I'm trying to make a menu array where each element is a struct that stores variables for text, key that needs to be pressed to select that item and function called on that key press (something like "Quit", 'Q', Quit()). I thought this would make things more efficient, but I can't find a way to make it work with varied function and parameter types (for example one item should be able to call a void function with no parameters, another a class int function with two parameters and so on). Is there a good way to do this or am I better off giving up on the idea?

Edit: Thank you all for your advice! The proposed solutions feel a little too complex for my newbie self, but attempting to understand them gave me some ideas! I ended up making the third variable hold an enum instead of a direct function call and then created a switch function that calls other functions based on that value.

  • 2
    You can use a lambda expression that calls your actual function – Liran Funaro Mar 19 at 9:55
  • 1
    Where do the class instance and the two parameters come from? – Bergi Mar 19 at 13:54
  • 3
    Look up the Command pattern. Note that I’m not saying not to use a function for this. But this pattern is the generalised form of what you need. – Konrad Rudolph Mar 19 at 14:32
  • Note that a interface with a single method is roughly equivalent to a std::function type. – Caleth Mar 19 at 14:55

There are actually a few ways of doing this.

One way is to use std::bind to bind all functions to void func(void) then you can store them equally.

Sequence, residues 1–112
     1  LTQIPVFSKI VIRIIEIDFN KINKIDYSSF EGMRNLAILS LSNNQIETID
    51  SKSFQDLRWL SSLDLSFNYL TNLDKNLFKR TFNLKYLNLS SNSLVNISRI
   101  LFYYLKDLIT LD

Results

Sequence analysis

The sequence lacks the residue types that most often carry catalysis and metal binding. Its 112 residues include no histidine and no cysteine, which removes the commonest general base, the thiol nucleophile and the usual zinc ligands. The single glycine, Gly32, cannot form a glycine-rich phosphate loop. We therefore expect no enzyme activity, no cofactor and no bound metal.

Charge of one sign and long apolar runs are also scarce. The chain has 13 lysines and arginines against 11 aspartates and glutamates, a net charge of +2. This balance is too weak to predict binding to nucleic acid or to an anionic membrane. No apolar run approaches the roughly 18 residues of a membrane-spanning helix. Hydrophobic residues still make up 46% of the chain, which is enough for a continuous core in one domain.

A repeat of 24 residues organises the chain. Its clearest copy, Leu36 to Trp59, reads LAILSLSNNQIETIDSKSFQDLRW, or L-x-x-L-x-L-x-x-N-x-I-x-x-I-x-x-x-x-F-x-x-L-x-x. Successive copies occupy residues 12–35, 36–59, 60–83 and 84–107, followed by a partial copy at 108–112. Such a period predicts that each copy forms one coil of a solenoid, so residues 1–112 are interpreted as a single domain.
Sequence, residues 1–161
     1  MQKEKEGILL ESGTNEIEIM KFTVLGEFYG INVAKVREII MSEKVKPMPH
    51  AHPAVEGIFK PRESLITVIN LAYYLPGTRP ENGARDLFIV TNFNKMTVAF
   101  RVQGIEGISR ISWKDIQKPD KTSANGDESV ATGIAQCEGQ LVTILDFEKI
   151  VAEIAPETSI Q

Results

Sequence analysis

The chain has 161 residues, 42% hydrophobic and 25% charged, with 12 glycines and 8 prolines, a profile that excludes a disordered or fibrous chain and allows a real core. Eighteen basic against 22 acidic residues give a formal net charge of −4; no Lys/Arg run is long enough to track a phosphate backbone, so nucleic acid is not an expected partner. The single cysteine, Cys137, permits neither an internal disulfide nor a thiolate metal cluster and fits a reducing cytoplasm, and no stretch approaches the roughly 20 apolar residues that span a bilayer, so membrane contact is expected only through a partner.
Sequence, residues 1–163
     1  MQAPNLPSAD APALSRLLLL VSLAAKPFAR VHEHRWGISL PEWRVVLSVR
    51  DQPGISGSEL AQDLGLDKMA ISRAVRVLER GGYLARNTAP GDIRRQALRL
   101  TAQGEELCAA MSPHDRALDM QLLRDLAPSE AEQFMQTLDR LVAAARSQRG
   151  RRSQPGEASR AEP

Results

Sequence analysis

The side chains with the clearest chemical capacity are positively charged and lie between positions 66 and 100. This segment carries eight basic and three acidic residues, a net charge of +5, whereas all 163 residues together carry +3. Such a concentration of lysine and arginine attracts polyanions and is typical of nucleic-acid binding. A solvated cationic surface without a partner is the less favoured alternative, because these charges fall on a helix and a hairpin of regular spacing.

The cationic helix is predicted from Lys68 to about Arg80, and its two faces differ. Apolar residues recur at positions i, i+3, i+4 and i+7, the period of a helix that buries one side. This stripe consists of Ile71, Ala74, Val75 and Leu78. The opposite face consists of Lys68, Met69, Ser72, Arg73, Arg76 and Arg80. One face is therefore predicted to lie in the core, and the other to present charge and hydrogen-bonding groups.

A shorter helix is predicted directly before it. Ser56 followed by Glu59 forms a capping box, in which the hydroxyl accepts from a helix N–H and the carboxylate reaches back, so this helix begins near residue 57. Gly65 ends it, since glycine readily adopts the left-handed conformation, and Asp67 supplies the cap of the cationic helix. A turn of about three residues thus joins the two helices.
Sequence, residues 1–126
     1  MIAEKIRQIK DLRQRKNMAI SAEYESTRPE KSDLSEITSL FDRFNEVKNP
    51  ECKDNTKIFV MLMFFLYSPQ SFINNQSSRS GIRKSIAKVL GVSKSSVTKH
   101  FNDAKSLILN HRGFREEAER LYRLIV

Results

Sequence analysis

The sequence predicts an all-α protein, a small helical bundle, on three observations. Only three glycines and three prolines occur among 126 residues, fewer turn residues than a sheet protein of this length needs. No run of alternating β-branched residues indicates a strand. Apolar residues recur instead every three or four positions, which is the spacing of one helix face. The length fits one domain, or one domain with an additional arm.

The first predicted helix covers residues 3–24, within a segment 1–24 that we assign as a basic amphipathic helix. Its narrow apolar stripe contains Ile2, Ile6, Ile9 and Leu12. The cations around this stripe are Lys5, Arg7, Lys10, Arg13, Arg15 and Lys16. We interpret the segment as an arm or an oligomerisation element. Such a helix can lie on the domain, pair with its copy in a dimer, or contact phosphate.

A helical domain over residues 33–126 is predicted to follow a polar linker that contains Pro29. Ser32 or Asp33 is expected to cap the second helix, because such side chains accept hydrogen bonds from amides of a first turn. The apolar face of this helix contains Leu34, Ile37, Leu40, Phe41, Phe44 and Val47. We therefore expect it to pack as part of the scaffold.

The other way is to create a generic function/lambda which will call your function.
To store your functions you can use std::function.

Also consider overriding operator() of your classes.


The classic way of handling this is to have all the functions take the same parameters, and for those to be very flexible. For example, an integer or enum, and a pointer.

  • your no-parameter function is passed -1 and nullptr and ignores them
  • your multi-parameter function casts the pointer to a pointer to some struct or class that holds all the bits and pieces it needs (and of course your calling code made that instance and passed its address)

The reason an enum or integer is hoisted out as one of the parameters is that "command type" is a super popular thing to need, so why do all that casting and extracting to get it?

If you have a performance problem as a result of this approach, then there are others, but this has literally been used for decades in Windows.

Your Answer

By clicking “Post Your Answer”, you agree to our terms of service, privacy policy and cookie policy

Not the answer you're looking for? Browse other questions tagged or ask your own question.